Keep monitoring your business environment before you start losing customers
My recommendation to all of you is: Keep monitoring your business environment before you start losing customers.
It is fascinating to be experiencing the dramatic shift in business environment/conditions in many business sectors. Many sectors in technology are moving towards commoditization and if the business in this sector does not react quickly enough, they will be eaten up by other vendors that have either the scale or the money to take smaller players out from the market.
I have a personal story to tell about this change. I am a true believer in continuous learning and there are many reasons for this. Part of it is rooted in my DNA, but the biggest reason by far is that when I deliver seminars and workshops globally, I feel that I need to have enough skills and capabilities to discuss about the topic with some personal experiences. That is why I feel strongly about focus and building your core competence in specific areas. You might be reading my personal blog where I dwell on different topics in technology and life and many of the topics relate to technologies around Office365, Dynamics CRM, SharePoint, Microsoft Azure etc.
I have also had a chance to build tens of web-sites during the past 10 years so hosting providers and hosting overall is something that I know pretty well. Let’s get to the story itself. All of my five (5) web-sites are hosted by a managed WordPress hosting provider, which really means that I do not have to worry about anything. The hosting organization takes care of my stuff. I can focus on building content and driving traffic. I have changed hosting companies based on my needs, but the past 2 years I have been with WPEngine.com that focuses purely on WordPress sites and is highly regarded within the WordPress community. You can see many references to this by known WordPress gurus such as Chris Lema that wrights regularly of topics around WordPress.
I look at businesses with Business Model Canvas in my mind and when I look at WPEngine.com, I think I run into a snagu with them from a customer segment perspective. Their value proposition is amazing, but the value proposition and the market segment does not fit with my small management consulting practice. I wanted to add SSL on our educational site TELLUSAcademy.com and I was hoping that they would let me attach SSL to my domain without having to upgrade to a larger monthly subscription. I sent a message to their support, explaining the situation and saying that the only change I wanted to do is to buy SSL certificate and attach it to the www.tellusacademy.com domain. I got a response following day that the only way to do that would for me to upgrade to a higher subscription level. I had of course done my homework to investigate/research the market and what the current players are as of now that provider managed WordPress hosting.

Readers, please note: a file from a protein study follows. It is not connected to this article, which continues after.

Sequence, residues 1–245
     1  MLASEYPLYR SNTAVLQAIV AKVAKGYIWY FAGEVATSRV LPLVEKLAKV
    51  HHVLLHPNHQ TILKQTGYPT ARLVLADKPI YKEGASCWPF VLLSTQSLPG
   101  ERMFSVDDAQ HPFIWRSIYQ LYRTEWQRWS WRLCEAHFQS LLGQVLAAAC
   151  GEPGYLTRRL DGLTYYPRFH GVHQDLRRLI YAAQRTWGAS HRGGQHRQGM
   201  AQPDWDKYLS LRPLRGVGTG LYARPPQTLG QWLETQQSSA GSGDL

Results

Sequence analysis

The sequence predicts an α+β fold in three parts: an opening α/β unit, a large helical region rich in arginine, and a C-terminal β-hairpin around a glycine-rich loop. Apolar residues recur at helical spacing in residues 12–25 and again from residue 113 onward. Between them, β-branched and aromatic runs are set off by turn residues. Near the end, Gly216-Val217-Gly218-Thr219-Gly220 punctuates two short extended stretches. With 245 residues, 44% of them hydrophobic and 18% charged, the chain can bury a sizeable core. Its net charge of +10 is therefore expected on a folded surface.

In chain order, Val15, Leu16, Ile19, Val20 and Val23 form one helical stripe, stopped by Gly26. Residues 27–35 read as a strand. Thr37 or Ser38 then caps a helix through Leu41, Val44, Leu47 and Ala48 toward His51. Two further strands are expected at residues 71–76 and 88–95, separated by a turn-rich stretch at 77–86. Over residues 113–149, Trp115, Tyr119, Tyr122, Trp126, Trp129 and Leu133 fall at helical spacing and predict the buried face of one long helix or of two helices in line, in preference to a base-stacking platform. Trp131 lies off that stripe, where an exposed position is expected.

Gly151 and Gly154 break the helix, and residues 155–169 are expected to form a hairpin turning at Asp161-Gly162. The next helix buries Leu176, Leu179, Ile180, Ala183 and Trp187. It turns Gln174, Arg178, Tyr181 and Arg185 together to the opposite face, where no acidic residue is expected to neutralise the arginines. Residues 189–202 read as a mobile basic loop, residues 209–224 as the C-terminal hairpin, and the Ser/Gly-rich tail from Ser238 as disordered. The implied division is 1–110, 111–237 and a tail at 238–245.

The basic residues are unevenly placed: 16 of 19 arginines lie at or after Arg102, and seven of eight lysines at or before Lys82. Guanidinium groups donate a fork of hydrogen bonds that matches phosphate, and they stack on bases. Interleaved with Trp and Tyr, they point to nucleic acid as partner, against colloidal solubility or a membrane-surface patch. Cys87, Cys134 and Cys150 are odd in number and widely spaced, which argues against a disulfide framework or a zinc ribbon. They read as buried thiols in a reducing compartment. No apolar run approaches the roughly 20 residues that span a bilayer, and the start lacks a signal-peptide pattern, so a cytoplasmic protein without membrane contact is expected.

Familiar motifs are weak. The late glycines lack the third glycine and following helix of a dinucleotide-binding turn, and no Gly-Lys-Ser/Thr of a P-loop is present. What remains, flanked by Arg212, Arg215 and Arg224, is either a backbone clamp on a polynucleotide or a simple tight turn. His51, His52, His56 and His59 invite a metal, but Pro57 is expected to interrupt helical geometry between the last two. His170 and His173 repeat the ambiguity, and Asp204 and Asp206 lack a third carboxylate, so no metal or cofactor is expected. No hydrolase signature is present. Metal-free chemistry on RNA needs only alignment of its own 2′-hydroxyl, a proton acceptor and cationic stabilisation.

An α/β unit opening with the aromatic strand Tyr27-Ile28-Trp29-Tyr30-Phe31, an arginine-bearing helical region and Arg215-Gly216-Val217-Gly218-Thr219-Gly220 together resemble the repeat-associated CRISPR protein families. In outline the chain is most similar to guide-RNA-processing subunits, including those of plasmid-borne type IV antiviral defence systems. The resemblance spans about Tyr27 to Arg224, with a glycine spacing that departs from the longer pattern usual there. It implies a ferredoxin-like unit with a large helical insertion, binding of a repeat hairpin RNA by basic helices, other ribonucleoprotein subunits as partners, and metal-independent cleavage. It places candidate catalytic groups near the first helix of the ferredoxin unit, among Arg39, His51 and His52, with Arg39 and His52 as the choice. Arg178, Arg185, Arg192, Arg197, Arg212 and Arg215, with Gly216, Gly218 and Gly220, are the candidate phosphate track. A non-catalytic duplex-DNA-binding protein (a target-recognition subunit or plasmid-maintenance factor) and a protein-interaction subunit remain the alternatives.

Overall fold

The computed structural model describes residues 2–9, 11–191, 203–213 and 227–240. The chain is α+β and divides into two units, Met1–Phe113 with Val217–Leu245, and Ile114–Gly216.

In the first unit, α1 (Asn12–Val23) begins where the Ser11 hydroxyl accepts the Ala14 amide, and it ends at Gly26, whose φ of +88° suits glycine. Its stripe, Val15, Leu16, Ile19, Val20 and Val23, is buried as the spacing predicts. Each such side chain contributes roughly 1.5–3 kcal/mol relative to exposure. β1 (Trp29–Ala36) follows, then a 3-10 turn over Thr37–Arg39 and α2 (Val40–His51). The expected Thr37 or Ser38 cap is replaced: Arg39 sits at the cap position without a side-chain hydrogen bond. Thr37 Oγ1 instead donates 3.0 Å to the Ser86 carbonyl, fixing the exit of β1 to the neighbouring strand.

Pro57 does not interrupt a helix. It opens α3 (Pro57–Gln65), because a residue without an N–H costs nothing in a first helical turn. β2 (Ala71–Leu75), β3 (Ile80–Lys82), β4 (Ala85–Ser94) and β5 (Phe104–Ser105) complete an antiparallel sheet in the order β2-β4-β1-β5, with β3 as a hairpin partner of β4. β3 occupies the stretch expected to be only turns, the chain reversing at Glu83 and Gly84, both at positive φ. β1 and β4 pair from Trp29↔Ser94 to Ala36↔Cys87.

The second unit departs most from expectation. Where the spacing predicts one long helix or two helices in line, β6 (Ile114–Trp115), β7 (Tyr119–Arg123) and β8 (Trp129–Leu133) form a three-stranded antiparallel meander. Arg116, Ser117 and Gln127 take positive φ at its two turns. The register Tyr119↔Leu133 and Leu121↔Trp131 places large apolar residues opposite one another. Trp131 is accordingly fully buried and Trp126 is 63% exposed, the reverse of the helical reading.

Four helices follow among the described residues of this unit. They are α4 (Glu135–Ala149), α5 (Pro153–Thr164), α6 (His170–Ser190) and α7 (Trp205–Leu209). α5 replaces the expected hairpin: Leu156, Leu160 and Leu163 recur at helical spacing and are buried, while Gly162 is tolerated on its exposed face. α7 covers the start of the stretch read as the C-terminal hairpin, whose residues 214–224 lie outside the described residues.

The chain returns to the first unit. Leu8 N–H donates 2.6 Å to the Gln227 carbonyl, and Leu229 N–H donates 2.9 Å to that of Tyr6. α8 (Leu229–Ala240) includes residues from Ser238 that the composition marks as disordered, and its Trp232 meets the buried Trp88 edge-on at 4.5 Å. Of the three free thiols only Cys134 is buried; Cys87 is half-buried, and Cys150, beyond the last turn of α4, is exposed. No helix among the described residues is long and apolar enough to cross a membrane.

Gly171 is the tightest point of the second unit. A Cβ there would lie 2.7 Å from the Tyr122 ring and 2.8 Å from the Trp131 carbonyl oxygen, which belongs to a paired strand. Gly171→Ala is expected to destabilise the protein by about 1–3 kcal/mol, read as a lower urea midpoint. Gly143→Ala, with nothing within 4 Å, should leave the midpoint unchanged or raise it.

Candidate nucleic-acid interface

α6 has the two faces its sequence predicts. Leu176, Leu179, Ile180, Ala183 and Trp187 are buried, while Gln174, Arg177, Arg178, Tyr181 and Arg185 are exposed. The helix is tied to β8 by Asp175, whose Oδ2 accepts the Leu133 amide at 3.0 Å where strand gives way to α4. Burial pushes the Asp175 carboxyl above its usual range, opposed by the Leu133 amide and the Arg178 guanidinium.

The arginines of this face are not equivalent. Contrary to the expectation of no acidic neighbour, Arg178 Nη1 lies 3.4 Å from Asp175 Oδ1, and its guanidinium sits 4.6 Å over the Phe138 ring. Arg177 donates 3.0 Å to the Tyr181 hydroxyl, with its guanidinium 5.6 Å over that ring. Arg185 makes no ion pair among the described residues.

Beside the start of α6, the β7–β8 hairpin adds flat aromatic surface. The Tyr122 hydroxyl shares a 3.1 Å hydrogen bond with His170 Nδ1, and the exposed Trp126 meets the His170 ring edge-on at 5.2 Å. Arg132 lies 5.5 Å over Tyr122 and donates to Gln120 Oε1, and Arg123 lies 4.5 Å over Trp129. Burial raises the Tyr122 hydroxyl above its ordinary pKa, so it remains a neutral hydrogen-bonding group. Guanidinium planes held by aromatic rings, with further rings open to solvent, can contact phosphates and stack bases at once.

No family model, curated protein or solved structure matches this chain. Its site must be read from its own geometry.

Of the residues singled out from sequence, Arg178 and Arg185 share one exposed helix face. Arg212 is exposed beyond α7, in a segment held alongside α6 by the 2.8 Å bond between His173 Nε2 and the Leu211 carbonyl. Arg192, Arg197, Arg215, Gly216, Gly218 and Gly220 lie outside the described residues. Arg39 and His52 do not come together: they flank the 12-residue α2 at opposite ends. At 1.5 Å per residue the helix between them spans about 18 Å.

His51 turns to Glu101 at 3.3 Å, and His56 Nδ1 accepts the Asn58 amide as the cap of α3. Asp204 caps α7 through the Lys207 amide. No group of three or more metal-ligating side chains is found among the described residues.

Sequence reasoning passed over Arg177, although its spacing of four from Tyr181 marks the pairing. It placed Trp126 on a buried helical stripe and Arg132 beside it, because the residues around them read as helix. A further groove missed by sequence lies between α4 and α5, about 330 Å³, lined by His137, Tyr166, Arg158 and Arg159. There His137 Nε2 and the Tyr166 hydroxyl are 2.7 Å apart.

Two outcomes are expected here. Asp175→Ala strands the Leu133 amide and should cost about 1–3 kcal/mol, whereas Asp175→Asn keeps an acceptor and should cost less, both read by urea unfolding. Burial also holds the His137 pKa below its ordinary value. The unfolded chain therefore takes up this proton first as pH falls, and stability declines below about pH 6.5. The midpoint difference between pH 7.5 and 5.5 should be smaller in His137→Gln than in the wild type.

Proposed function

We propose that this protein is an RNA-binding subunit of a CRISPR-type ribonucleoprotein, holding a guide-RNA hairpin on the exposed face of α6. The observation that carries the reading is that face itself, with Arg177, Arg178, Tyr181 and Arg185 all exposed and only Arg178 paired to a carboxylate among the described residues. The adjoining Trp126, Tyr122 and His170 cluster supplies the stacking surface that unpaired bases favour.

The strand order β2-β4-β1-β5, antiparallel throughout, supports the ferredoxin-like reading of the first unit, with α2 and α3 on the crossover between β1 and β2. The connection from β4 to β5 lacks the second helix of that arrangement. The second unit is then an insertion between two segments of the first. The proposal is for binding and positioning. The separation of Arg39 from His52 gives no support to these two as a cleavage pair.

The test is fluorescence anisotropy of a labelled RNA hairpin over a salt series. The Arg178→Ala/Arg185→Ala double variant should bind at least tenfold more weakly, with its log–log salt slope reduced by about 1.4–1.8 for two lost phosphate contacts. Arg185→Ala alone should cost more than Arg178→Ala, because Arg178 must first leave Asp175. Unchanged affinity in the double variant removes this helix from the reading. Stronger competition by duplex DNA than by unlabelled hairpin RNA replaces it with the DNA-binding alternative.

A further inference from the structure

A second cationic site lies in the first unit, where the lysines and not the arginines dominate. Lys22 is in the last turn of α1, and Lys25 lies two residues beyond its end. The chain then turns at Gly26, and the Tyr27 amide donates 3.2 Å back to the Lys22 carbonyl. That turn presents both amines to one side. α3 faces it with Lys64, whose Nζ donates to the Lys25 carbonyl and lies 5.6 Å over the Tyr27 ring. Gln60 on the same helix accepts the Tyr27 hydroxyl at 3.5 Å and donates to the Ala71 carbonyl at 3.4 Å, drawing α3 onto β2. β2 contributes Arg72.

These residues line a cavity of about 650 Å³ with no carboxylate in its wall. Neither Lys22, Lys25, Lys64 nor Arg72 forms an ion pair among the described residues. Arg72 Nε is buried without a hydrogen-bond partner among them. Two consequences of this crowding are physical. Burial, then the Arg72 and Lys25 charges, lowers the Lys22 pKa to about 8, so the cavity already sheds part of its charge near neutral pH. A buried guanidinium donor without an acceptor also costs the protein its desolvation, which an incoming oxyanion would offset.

There is quite a few links on the web-site where you can learn what is out there and Chris Lema’s blog entries will provide you with links to other sites as well. The response from WPEngine.com did not give me any option that to move to a new managed WordPress vendor. I initiated the migration last night by moving my sites to the new hosting provider and I will discuss more about this migration on my personal blog www.drsalonen.com. The new managed WordPress hoster has an automated tool that enables automatic migration and this was painless, smooth and did not cause me any hassles.
You might wonder who this new provider is and you might even be shocked whom I selected. It is Godaddy.com who i used to run from in the past, but they have a new leadership and have created pretty exciting managed WordPress business and I have to say that all of my sites are now also much faster than before. And you can’t beat the price. I am paying $9.99/month for all five sites and I locked myself in for 24 months. You can’t beat that.
I do want to emphasize that this was not just about money, it was about me realizing that I am not really the right type of customer for WPEngine anymore. Another thing that did not make me happy during the time that I was with WPEngine.com. Suddenly I started getting larger bills and the reason for this was that they initiated a new pricing model where I would be charged for traffic and overages in the same way as telecom companies do. I understand the logic, but I do not think it is good policy to implement new pricing structures with your existing clients without even having a discussion about it.
My web-sites have been getting more traffic, which is obviously good but the fact that I would not have anything to say about it, that was not the way I wanted things to be run. The support that WPEngine has given me during the past 2 years has been amazing, so I have no complaints about it. I know they have new investors and I am sure that there is and will be changes in things going forward. The competition in the hosting space is brutal and I do not thing there will be many smaller players left in the end. Larger players in the space have the scalability, the money and the will to take markets and Godaddy.com got mine this time.
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